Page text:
Following Israel's War of Independence in 1948-49, Jerusalem was divided between Israel and Jordan, with Israel controlling the western part of the city, and Jordan the eastern portion, including the historic and religiously significant Old City.

In May 1967, the city remained divided by walls and barbed wire fences. On May 14-15, 1967, Jerusalem hosted the annual Independence Day festivities. As the Israeli residents of Jerusalem celebrated the anniversary of their independence, they could hardly know that events were conspiring to bring a war that would completely transform their city, their country, and the Middle East. In weeks, the city of Jerusalem and the entire Middle East was completely transformed. What had been a two millennia old national yearning for Jews became a 20th century reality: a united city under Jewish control; the defining symbol of the rebirth of the Jewish people. Those who had celebrated Independence Day in divided Jerusalem walked to the Old City and stood at the Western Wall less than one month later. The walls and barbed wire were removed, but not without cost in human blood.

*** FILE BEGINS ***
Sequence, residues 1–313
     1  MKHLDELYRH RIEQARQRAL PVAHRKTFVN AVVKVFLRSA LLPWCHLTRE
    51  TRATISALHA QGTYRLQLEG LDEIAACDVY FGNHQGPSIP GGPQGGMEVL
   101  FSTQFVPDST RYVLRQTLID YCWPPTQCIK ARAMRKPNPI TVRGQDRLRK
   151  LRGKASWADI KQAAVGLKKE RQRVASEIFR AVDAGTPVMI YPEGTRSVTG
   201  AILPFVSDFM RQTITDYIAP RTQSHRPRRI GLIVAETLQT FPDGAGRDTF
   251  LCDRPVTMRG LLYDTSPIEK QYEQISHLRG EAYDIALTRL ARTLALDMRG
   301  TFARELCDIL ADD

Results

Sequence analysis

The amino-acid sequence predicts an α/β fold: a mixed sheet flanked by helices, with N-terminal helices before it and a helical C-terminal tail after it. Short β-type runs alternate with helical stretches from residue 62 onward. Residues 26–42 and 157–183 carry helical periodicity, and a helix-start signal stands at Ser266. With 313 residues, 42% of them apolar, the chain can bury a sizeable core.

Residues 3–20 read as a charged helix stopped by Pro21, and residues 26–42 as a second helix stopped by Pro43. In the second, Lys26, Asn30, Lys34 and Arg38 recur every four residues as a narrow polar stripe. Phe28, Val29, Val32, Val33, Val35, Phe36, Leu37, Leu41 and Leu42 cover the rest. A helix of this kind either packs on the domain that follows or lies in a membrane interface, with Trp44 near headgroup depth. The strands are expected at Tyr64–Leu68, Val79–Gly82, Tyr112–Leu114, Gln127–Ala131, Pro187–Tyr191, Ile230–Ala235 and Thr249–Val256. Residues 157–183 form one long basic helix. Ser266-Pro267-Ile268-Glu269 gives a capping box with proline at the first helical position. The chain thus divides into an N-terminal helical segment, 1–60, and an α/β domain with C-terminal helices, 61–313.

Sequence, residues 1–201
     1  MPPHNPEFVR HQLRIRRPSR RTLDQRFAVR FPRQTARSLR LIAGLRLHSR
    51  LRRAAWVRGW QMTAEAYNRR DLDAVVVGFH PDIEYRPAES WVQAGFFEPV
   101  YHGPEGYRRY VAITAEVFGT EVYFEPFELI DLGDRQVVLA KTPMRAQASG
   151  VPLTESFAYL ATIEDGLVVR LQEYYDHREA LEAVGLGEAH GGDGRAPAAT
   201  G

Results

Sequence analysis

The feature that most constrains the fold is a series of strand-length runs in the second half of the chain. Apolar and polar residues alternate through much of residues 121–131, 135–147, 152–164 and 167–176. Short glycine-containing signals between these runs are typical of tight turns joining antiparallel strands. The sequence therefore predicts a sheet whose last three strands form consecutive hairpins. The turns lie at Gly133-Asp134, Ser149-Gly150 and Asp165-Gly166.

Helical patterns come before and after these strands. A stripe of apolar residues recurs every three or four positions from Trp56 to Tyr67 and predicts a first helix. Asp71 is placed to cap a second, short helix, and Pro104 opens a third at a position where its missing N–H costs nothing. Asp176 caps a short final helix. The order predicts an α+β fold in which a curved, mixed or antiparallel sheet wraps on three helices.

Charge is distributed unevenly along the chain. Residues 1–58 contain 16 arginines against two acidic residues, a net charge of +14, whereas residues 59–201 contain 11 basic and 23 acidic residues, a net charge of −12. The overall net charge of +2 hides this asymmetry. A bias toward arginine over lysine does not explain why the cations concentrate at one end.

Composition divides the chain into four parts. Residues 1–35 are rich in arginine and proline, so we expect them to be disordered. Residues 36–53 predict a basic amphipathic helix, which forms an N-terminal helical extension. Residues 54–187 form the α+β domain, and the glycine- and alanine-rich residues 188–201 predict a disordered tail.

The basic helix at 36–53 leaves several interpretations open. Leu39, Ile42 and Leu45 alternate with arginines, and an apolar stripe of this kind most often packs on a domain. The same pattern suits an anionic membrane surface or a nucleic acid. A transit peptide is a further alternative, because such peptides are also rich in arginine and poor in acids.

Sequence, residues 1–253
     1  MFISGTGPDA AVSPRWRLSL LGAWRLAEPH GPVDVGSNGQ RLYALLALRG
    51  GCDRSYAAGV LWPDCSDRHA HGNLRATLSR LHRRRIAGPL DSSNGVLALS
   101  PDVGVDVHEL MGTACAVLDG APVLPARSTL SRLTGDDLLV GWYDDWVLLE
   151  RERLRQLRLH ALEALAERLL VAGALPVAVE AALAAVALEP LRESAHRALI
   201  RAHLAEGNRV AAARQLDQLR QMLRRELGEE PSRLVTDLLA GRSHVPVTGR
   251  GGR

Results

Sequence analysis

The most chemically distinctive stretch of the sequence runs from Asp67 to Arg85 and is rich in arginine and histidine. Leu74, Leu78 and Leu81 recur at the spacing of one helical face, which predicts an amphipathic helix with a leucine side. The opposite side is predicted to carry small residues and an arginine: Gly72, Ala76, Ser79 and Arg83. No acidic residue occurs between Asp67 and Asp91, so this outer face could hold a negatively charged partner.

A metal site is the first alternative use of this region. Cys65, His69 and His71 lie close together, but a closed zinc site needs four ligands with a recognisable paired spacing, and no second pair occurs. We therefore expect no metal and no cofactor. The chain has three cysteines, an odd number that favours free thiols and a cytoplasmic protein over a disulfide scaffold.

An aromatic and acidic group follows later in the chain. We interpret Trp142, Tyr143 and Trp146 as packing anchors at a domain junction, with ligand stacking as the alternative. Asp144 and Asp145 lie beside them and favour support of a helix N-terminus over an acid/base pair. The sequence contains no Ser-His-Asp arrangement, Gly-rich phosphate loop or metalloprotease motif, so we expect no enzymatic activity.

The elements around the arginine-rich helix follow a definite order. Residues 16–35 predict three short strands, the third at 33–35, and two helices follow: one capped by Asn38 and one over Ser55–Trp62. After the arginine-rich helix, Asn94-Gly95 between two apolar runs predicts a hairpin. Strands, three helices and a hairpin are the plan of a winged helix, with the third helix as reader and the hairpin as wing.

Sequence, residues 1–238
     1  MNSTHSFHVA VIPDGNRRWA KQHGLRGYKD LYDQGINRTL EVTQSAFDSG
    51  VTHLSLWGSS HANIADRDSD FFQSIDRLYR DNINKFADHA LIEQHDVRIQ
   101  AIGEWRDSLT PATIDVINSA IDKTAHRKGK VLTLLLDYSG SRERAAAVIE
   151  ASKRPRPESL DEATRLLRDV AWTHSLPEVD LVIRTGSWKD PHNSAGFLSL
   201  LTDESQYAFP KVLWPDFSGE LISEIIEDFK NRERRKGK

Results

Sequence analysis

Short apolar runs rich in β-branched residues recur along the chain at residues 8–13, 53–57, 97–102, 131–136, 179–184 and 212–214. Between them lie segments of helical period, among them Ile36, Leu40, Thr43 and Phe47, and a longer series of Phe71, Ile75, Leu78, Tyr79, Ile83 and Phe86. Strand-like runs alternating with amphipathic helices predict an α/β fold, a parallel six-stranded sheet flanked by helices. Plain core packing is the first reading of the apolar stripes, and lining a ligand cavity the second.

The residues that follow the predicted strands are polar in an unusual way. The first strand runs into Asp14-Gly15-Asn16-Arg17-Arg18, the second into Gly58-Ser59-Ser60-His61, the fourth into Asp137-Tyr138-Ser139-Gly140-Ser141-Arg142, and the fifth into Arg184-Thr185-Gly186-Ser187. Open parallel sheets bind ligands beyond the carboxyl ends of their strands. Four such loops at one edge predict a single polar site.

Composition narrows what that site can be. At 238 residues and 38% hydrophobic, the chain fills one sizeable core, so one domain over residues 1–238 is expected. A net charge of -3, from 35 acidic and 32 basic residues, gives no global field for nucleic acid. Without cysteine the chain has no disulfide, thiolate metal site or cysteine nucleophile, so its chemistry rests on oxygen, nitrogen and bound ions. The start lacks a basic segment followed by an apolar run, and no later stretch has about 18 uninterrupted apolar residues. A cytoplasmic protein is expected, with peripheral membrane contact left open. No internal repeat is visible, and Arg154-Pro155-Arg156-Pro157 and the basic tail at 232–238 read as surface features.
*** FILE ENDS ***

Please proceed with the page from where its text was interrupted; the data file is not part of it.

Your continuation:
In the nearly half century since, the united city of Jerusalem has been transformed from a backwater into a beautiful and thriving metropolis. But it is only the city that was reunited, not its populations. Jerusalem would be seen as the heart of the Arab-Israel dispute, even as it would also become a city in which Jews and Arabs live alongside each other in relative tranquility.

It is within this context that we present the story of ordinary people in Jerusalem at a time of enormous historical significance.

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